- REPETITION: Not only is the song selection important, but the repetition in which those songs are sung. Back to top 40 radio. The reason songs are in the top 40 is because they are played ALOT. And the reason they are played a lot is because people love them. Think about it – when your favorite song comes on, you turn it up and sing along. Why? Because you know the song! Familiarity breeds engagement. Songs need to be in a rotation that allows your people to get familiar. This means less new songs and more repetition. Remember, you have limited slots, so use them wisely. Here is a good practice – once you have selected a song, use it 3 times the first month, then about once a month after. That’s 14 times that song will be played in a year, which may seem like a lot to you, but not to the average church-goer. On the contrary, it allows them to close their eyes, raise their hands and connect with God, which is the goal.
- SET SELECTION: Now that you are being selective about the songs you choose and the frequency by which you use them, the set selection process gets a little easier. Remember, worship music didn’t start yesterday. It has a rich history. One of the tragedies in the church today is the worship leader who is so set on being “cutting edge” that he neglects anything not recorded in the last 18 months. So, in selecting your set, prayerfully consider ALL that’s available to you. Hymns, worship songs that you wore out 5 years ago…remember, just because you were tired of it doesn’t mean you your congregation doesn’t miss it. When planning, you might ask the question, “Is there a song the church has connected with in the past?” While “Shout To The Lord” might not be hip today, it may be the very thing your set needs on a particular week. Don’t be afraid to go “old school” every once in a while. In those moments, engagement will go up as people connect with a song God has and still wants to use. I’m pretty sure He NEVER gets tired of songs. Again, keep in mind that the goal of every set should be full-on engagement, so envision the set from start to finish. Imagine every transition, key relationship, how the lyrics interact with each other, tempo, time signature – take a pre-trip excursion before taking your congregation on the journey. And two more quick tips on set selection: First, open with something familiar. Communication 101 says grab your listener in the first 30 seconds. If you don’t engage the congregation in the beginning, you will be fighting an uphill battle all morning. Second, don’t do more than one new song in your set. Surround a new song with familiar songs. Otherwise, you are creating “exit” points in the service in terms of engagement, and once they’ve checked out, it’s hard to get them back.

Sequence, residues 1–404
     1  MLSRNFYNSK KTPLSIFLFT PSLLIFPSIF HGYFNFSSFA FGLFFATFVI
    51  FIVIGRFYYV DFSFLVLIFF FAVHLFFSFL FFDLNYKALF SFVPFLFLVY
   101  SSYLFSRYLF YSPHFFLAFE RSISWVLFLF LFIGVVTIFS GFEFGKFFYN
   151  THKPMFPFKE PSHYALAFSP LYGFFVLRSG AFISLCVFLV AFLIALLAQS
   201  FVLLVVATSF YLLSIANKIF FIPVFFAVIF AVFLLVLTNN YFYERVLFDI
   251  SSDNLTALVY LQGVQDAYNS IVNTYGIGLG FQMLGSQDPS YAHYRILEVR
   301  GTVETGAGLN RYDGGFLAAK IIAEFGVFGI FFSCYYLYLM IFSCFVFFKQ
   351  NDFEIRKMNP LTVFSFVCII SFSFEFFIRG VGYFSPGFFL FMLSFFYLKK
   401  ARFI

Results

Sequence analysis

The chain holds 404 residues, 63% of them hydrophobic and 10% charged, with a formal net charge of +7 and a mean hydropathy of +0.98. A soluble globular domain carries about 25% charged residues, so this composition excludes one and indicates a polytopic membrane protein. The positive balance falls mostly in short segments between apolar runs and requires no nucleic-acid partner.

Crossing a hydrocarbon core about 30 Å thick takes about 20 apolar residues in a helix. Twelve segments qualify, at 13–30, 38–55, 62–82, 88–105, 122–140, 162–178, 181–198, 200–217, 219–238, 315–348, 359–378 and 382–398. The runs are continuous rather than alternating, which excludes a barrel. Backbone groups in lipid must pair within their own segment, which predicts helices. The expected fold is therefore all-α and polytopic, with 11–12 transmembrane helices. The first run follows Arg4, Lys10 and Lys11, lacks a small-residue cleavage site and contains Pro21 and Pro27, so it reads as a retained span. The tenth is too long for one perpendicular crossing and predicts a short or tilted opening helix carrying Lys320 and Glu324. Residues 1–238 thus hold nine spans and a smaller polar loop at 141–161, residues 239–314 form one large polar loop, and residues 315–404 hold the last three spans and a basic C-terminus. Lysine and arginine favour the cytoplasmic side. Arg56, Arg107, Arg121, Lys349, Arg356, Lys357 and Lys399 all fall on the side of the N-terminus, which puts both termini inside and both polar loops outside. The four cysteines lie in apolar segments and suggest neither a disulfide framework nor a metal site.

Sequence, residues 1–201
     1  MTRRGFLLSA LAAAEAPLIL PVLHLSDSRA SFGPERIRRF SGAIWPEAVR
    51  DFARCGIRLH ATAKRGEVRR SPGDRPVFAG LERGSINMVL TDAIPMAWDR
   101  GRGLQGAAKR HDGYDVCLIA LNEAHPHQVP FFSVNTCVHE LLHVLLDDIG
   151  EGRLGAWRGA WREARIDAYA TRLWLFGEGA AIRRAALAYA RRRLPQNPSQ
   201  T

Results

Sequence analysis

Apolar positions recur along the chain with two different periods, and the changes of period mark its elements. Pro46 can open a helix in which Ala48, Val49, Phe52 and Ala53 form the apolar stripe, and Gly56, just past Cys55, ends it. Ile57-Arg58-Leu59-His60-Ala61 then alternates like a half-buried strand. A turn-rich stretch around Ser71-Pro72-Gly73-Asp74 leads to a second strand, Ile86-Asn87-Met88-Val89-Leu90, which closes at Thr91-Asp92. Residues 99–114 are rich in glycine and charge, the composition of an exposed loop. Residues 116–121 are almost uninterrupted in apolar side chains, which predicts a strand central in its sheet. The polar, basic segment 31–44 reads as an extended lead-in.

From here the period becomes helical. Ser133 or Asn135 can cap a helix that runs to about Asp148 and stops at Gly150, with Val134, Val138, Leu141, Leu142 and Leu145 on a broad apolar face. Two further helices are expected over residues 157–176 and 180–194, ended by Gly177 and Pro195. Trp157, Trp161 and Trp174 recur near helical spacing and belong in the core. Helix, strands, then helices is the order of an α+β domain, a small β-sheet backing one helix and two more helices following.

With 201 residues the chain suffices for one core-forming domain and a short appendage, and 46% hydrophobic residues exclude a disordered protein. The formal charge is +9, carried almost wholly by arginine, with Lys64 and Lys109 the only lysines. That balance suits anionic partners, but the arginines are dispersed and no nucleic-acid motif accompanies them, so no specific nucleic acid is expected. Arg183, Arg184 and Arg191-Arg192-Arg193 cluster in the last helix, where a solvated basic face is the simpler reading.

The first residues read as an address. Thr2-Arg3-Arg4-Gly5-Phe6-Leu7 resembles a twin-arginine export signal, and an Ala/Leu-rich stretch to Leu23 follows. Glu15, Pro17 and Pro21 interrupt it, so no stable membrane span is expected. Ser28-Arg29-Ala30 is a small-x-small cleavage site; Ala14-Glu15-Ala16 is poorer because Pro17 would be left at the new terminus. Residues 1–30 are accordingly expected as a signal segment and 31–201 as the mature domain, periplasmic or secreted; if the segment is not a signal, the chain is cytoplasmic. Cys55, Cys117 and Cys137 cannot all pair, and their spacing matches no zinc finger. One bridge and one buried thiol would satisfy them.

If your people are staring at you, take heart! Begin implementing these 3 things and see if it activates your congregation to sing. Beyond that, ask God to give you wisdom in your quest to get your people engaged.